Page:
Welsh Labour move towards higher taxes is “poison to Wales’ economy”
The Welsh Conservatives will use their Assembly debate today (Wednesday) to call on the Welsh Labour Government to abandon their flirtation with increasing income tax before the next election in 2021.
The Welsh Labour 2016 manifesto promised not to use the now-devolved portion of income tax within the Fifth Assembly.
However, in 2017, Labour started to say that it would carefully consider tax rates and their impact on other Welsh taxes to “ensure they continue to generate sufficient revenue to fund public health services while remaining fair and supporting economic growth”.
In October last year, then-Finance Minister Mark Drakeford said he “will not move away from our manifesto commitment unless I'm compelled to do so, but I don't rule out the possibility that circumstances could change in a way that do have that compelling impact.”
All of this comes despite the Welsh Government admitting that the most it would be able to get out of income tax would be to charge basic rate payers, and the CBI saying that “raising Welsh income tax should be a last resort, not a first response”.
The Scottish Conservatives found that following the Scottish Government’s decision to use their levers to increase income tax, a £550m black hole emerged in the country’s finances as thousands of higher and additional rate taxpayers left.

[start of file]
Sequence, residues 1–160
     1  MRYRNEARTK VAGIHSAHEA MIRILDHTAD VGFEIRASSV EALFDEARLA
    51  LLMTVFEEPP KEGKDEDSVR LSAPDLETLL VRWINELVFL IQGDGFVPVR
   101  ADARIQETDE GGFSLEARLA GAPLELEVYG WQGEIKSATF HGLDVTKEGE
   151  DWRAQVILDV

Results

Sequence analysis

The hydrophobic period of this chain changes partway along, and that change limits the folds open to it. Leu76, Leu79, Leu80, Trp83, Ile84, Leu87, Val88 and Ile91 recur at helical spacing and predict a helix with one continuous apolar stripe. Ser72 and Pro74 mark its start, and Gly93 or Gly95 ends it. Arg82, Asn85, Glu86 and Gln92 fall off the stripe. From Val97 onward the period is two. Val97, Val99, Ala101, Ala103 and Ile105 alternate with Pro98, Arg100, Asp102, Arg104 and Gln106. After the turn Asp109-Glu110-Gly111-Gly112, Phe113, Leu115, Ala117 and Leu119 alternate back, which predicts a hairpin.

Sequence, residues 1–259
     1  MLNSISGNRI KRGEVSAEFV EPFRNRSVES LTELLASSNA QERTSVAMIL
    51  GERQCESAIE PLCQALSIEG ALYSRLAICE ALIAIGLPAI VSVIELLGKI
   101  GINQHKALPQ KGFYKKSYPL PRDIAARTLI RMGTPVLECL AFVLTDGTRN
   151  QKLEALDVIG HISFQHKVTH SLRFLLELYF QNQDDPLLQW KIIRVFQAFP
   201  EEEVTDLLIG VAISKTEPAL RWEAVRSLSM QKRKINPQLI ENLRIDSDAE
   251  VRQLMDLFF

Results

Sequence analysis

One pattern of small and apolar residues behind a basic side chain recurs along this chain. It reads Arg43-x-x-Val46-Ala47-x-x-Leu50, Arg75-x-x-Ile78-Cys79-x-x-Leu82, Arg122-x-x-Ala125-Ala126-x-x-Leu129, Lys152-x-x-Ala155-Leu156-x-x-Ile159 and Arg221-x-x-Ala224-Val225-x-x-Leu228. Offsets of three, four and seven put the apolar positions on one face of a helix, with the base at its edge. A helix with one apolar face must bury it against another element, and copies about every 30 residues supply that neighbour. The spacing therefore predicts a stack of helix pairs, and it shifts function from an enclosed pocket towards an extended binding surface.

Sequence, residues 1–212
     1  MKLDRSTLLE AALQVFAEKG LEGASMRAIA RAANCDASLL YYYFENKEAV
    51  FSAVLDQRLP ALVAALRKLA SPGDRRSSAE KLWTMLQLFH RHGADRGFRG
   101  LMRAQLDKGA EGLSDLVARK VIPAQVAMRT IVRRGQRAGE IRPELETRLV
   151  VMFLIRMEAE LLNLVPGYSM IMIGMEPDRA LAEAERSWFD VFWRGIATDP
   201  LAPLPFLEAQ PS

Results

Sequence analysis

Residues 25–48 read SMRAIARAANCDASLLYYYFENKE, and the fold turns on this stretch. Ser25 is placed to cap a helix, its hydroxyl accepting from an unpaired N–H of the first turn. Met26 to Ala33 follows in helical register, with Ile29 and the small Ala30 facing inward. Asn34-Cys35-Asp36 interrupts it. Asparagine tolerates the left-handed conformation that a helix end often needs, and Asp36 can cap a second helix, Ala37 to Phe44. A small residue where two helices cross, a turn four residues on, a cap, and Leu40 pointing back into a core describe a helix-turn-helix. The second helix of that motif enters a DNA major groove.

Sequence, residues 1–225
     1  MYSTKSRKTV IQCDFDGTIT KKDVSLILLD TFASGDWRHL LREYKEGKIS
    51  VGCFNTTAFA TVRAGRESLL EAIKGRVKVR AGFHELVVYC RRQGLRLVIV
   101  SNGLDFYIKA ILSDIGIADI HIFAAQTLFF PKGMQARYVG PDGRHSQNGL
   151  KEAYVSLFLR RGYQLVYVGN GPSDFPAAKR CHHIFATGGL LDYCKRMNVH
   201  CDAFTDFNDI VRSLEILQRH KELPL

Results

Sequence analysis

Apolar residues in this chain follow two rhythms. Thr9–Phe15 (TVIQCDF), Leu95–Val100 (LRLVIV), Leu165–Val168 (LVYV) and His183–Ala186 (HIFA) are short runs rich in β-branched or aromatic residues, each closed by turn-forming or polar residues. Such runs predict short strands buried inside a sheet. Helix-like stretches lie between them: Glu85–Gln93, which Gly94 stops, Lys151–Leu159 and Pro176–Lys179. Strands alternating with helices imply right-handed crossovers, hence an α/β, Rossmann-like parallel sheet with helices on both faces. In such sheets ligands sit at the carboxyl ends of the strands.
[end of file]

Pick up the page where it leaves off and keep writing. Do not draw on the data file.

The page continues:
The Welsh Conservatives will be voting for one of Plaid Cymru’s amendments which stresses the need to support indigenous businesses.
Welsh Conservative and Shadow Finance Minister Nick Ramsay AM will make the case that the best way to grow tax revenue is the recognition of the vital importance of attracting people, businesses, and investment to Wales, not taxing them further.
Commenting ahead of the debate, the Monmouth AM said:
“High taxation punishes the population through taking more hard-earned money from the pockets of this country’s workers and stifling the innovation of business – poisoning our economy.
“So why does Welsh Labour not comprehensively rule out income tax rises? We believe it is because their compulsion to levy will be irresistible.
“However, we would happily be proven wrong and call on the Welsh Labour-led Government and their backbenchers to vote for our motion which simply binds them to their manifesto promise and end this threat to the prosperity of Welsh taxpayers.”